Accessing return values from multiple Deferreds

It’s been a while since I wrote my last posting. As I feel that I am constantly in a hurry I rarely manage to find some time *sigh*.

However, too many interesting stuff which is worth blogging keeps flooding our beloved tech world! One of those things is the new Deferred object in jQuery 1.5.

I won’t go into every detail about what Deferreds are for because Eric Hynds already wrote an awesome article about it.

Just to give an example: Some month ago, I asked on stackoverflow which was the best way to spin off several async calls and do something when all those async calls have completed. Well, that’s one of the things that Deferreds can solve.

Today I want to show you how to deal with that and also how to deal with it if each call returns a value which you need to have access to afterwards.

Let’s look at this code:

$(document).ready(function(){

    var example = function (){
        var deferred = $.Deferred();

        setTimeout(function(){
            deferred.resolve(5);
        }, 1000); //Will finish first

        return deferred.promise();
    };

    var example2 = function (){
        var deferred = $.Deferred();
        setTimeout(function(){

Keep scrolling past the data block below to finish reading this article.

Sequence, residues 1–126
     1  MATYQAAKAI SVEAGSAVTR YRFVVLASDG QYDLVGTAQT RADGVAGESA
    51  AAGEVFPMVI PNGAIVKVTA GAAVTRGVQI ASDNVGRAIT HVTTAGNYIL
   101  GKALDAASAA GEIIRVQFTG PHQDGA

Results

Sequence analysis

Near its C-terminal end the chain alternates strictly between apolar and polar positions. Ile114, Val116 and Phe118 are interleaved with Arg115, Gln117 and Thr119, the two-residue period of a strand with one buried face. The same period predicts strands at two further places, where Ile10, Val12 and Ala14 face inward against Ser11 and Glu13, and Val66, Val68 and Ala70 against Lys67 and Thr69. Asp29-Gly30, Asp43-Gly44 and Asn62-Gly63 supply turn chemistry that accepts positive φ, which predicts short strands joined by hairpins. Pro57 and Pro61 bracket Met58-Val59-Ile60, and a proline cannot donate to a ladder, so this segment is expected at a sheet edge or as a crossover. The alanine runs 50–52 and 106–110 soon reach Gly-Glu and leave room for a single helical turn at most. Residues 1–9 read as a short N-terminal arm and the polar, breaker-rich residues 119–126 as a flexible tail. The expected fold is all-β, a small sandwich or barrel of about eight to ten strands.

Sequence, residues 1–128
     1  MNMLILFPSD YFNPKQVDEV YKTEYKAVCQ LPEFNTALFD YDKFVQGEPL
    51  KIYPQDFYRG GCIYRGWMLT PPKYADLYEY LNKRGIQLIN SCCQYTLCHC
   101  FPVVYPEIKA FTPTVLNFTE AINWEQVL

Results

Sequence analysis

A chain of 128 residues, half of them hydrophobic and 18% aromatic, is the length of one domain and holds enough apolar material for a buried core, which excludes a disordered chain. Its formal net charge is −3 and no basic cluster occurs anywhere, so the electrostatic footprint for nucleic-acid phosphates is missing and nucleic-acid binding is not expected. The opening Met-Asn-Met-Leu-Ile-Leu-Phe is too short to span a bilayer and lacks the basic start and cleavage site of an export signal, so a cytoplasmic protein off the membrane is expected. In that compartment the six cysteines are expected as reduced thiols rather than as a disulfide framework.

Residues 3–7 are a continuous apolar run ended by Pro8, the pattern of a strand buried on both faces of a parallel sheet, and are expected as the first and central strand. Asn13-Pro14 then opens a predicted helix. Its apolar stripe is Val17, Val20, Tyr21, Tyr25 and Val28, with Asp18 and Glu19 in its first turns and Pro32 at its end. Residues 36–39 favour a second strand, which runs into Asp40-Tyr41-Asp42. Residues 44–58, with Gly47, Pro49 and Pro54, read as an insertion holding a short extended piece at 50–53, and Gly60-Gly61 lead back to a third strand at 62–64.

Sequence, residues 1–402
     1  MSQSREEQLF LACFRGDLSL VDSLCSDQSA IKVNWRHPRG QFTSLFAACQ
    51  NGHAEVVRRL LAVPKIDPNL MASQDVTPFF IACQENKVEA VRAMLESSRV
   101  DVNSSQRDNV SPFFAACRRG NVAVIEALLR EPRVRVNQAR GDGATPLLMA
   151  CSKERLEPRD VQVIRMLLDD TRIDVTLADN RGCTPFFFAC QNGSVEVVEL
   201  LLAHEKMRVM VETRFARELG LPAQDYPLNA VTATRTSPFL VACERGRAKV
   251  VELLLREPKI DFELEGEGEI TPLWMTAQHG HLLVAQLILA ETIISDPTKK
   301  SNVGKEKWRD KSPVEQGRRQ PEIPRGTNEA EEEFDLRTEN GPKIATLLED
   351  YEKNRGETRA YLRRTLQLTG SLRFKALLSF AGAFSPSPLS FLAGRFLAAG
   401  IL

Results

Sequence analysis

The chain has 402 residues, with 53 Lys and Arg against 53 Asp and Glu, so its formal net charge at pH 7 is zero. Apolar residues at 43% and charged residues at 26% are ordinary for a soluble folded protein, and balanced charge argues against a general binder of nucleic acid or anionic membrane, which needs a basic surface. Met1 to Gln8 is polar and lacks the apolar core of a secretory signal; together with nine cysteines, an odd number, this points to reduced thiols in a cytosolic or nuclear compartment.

deferred.resolve(10);
        }, 2000); //Will finish second

        return deferred.promise();
    };

    $.when(example(), example2())
        .then(function(arg1, arg2){
            console.log("Example1 (Should be 5): " + arg1);
            console.log("Example2 (Should be 10): " + arg2);
          });
    });

jsFiddle: http://jsfiddle.net/cburgdorf/M4JKR/

We created two Deferred objects (Example1, Example2) which both resolve with an return value. In the callback, which is called on $.then we have access to those return values. It might be obvious to you (but wasn’t to me) that those parameters will be sorted in the order in which the Deferreds were registered to $.when. That means, no matter in which order those async operations complete, you will be save to access the values in the expected order.

Here comes the proof with the operations turned around:

$(document).ready(function(){

    var example = function (){
        var deferred = $.Deferred();

        setTimeout(function(){
            deferred.resolve(5);
        }, 2000); //Will finish second

        return deferred.promise();
    };

    var example2 = function (){
        var deferred = $.Deferred();
        setTimeout(function(){
            deferred.resolve(10);
        }, 1000); //Will finish first

        return deferred.promise();
    };

    $.when(example(), example2())
        .then(function(arg1, arg2){
            console.log("Example1 (Should be 5): " + arg1);
            console.log("Example2 (Should be 10): " + arg2);
          });
    });

jsFiddle: http://jsfiddle.net/cburgdorf/vmLfF/

There is a lot more to discover with jQuery Deferreds, but I hope you found this little piece useful ;-)

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